Accumulation of protein-bound 4-hydroxy-2-hexenal in spinal cords from patients with sporadic amyotrophic lateral sclerosis

Noriyuki Shibata, Satoshi Yamada, Koji Uchida, Asao Hirano, Saburo Sakoda, Harutoshi Fujimura, Shoichi Sasaki, Makoto Iwata, Sono Toi, Motoko Kawaguchi, Tomoko Yamamoto, Makio Kobayashi

Research output: Contribution to journalArticle

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Abstract

4-Hydroxy-2-hexenal (HHE) is a toxic, reactive aldehydic intermediate formed by nonenzymatic peroxidation of n-3 polyunsaturated fatty acids. The aim of this study was to determine the implication for HHE in the pathomechanism of amyotrophic lateral sclerosis (ALS) by immunohistochemical and enzyme-linked immunosorbent assay (ELISA) techniques using a mouse monoclonal IgG1 antibody mAbHHE53 specific for protein-bound HHE. Immunohistochemical analysis on formalin-fixed, paraffin-embedded sections and frozen sections of spinal cords obtained at autopsy from 10 sporadic ALS patients and 10 age-matched control subjects demonstrated that protein-bound HHE immunoreactivity was seen and was prominent in the entire gray matter in the ALS cases and localized in the neurons, reactive astrocytes, microglial cells, and the surrounding neuropil, while the immunoreactivity was obscure or undetectable in the control cases. No significant protein-bound HHE immunoreactivity was seen in sections processed with omission of mAbHHE53 or in sections incubated with the antibody with an excess of the respective antigen. Competitive ELISA analysis on trypsin-digested protein extracts of fresh-frozen spinal cord samples disclosed a significant increase in protein-bound HHE level in the ALS cases compared with the control cases. Our results indicate that enhanced HHE formation occurs in the entire gray matter of sporadic ALS spinal cords and suggest that the selective vulnerability of motor neurons to HHE mediates the pathomechanism of this disease.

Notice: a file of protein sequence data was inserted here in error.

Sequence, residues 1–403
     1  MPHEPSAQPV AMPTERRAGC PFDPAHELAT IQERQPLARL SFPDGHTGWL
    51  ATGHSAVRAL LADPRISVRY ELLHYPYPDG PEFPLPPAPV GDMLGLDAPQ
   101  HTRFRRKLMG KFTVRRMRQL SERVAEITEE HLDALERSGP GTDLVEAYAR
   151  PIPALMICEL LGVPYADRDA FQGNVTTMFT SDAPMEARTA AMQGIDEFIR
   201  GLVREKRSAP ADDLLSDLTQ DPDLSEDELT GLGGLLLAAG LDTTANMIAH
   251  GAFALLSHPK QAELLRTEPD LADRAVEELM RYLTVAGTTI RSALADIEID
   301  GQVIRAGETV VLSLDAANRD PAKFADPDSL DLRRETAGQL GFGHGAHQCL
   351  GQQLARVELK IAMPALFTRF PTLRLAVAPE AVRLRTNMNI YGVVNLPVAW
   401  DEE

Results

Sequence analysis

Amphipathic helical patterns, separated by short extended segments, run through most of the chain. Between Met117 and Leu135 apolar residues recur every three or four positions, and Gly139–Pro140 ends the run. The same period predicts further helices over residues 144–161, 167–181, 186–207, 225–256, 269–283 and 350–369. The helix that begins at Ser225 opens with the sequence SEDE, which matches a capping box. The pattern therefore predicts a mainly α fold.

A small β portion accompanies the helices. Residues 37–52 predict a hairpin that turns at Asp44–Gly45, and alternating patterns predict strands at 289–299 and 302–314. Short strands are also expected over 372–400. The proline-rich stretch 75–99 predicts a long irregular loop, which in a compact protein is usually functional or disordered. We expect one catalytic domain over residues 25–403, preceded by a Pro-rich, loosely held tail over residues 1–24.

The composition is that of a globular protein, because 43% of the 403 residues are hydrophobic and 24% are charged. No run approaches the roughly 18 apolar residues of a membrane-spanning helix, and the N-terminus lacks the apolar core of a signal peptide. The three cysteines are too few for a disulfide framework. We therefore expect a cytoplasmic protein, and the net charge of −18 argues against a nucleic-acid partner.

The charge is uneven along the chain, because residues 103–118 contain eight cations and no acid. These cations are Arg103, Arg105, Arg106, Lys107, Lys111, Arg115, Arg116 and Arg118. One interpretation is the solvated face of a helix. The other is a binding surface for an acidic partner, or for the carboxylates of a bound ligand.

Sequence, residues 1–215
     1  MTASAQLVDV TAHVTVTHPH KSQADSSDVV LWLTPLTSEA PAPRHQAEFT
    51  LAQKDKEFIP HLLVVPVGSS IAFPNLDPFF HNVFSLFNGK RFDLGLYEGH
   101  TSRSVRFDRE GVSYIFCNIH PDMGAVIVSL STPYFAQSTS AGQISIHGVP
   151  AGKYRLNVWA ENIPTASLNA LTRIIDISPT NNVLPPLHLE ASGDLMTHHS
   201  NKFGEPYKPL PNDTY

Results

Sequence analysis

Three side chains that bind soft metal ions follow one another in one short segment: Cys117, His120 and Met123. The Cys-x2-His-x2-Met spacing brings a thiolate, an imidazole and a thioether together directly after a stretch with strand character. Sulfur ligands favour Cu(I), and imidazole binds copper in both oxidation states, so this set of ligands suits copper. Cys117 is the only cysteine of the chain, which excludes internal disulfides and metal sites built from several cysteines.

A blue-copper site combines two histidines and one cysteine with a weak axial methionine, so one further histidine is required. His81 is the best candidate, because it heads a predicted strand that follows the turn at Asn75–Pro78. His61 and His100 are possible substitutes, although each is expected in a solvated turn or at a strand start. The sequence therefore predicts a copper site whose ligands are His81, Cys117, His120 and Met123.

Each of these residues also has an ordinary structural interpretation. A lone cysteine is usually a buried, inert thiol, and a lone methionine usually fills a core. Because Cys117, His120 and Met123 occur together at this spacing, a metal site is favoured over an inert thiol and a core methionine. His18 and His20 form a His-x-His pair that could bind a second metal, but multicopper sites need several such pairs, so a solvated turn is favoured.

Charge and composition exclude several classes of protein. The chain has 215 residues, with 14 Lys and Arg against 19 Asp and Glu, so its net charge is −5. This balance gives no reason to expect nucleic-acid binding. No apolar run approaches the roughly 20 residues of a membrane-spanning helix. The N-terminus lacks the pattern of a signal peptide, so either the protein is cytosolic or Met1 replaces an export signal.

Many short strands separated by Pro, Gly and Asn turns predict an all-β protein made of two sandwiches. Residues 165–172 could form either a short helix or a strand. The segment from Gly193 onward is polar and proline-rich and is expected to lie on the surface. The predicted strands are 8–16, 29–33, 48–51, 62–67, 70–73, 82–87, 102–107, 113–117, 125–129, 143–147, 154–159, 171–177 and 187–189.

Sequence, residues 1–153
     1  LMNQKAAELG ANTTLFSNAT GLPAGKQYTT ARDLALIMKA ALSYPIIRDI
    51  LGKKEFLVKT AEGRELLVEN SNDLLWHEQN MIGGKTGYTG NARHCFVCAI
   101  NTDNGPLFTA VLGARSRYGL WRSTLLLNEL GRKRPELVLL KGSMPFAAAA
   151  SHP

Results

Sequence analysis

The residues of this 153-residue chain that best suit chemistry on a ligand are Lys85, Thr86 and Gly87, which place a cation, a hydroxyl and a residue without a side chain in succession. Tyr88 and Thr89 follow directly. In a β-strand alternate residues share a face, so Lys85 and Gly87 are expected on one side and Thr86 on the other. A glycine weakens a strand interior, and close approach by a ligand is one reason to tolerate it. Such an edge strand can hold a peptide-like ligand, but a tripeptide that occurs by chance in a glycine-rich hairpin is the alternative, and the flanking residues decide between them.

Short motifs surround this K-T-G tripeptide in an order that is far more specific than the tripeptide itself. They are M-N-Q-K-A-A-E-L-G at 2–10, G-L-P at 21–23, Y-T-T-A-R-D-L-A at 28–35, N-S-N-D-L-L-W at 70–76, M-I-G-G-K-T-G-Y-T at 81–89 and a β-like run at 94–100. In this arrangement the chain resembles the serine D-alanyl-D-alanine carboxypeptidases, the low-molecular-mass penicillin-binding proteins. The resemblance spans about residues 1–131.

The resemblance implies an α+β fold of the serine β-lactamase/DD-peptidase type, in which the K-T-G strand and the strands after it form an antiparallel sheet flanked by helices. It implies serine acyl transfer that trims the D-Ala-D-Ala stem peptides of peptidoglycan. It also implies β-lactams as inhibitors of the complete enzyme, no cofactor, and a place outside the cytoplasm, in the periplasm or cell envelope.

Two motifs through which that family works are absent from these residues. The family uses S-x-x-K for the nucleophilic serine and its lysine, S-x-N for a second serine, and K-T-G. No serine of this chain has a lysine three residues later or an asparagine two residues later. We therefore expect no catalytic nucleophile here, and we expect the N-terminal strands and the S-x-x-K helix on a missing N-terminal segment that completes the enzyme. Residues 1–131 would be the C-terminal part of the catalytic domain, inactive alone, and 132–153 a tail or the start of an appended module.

Original languageEnglish (US)
Pages (from-to)170-177
Number of pages8
JournalBrain Research
Volume1019
Issue number1-2
DOIs
StatePublished - Sep 3 2004

Fingerprint

Spinal Cord
Amyotrophic Lateral Sclerosis
Proteins
Enzyme-Linked Immunosorbent Assay
Immunosorbent Techniques
Neuropil
Amyotrophic lateral sclerosis 1
4-hydroxy-2-hexenal
Poisons
Omega-3 Fatty Acids
Frozen Sections
Motor Neurons
Astrocytes
Paraffin
Trypsin
Formaldehyde
Autopsy
Immunoglobulin G
Monoclonal Antibodies
Neurons

Keywords

  • 4-Hydroxy-2-hexenal
  • 4-Hydroxyalkenal
  • Amyotrophic lateral sclerosis
  • Lipid peroxidation
  • Oxidative stress
  • Polyunsaturated fatty acid

ASJC Scopus subject areas

  • Neuroscience(all)

Cite this

Shibata, N., Yamada, S., Uchida, K., Hirano, A., Sakoda, S., Fujimura, H., ... Kobayashi, M. (2004). Accumulation of protein-bound 4-hydroxy-2-hexenal in spinal cords from patients with sporadic amyotrophic lateral sclerosis. Brain Research, 1019(1-2), 170-177. https://doi.org/10.1016/j.brainres.2004.05.110

Accumulation of protein-bound 4-hydroxy-2-hexenal in spinal cords from patients with sporadic amyotrophic lateral sclerosis. / Shibata, Noriyuki; Yamada, Satoshi; Uchida, Koji; Hirano, Asao; Sakoda, Saburo; Fujimura, Harutoshi; Sasaki, Shoichi; Iwata, Makoto; Toi, Sono; Kawaguchi, Motoko; Yamamoto, Tomoko; Kobayashi, Makio.

In: Brain Research, Vol. 1019, No. 1-2, 03.09.2004, p. 170-177.

Research output: Contribution to journalArticle

Shibata, N, Yamada, S, Uchida, K, Hirano, A, Sakoda, S, Fujimura, H, Sasaki, S, Iwata, M, Toi, S, Kawaguchi, M, Yamamoto, T & Kobayashi, M 2004, 'Accumulation of protein-bound 4-hydroxy-2-hexenal in spinal cords from patients with sporadic amyotrophic lateral sclerosis', Brain Research, vol. 1019, no. 1-2, pp. 170-177. https://doi.org/10.1016/j.brainres.2004.05.110
Shibata, Noriyuki ; Yamada, Satoshi ; Uchida, Koji ; Hirano, Asao ; Sakoda, Saburo ; Fujimura, Harutoshi ; Sasaki, Shoichi ; Iwata, Makoto ; Toi, Sono ; Kawaguchi, Motoko ; Yamamoto, Tomoko ; Kobayashi, Makio. / Accumulation of protein-bound 4-hydroxy-2-hexenal in spinal cords from patients with sporadic amyotrophic lateral sclerosis. In: Brain Research. 2004 ; Vol. 1019, No. 1-2. pp. 170-177.
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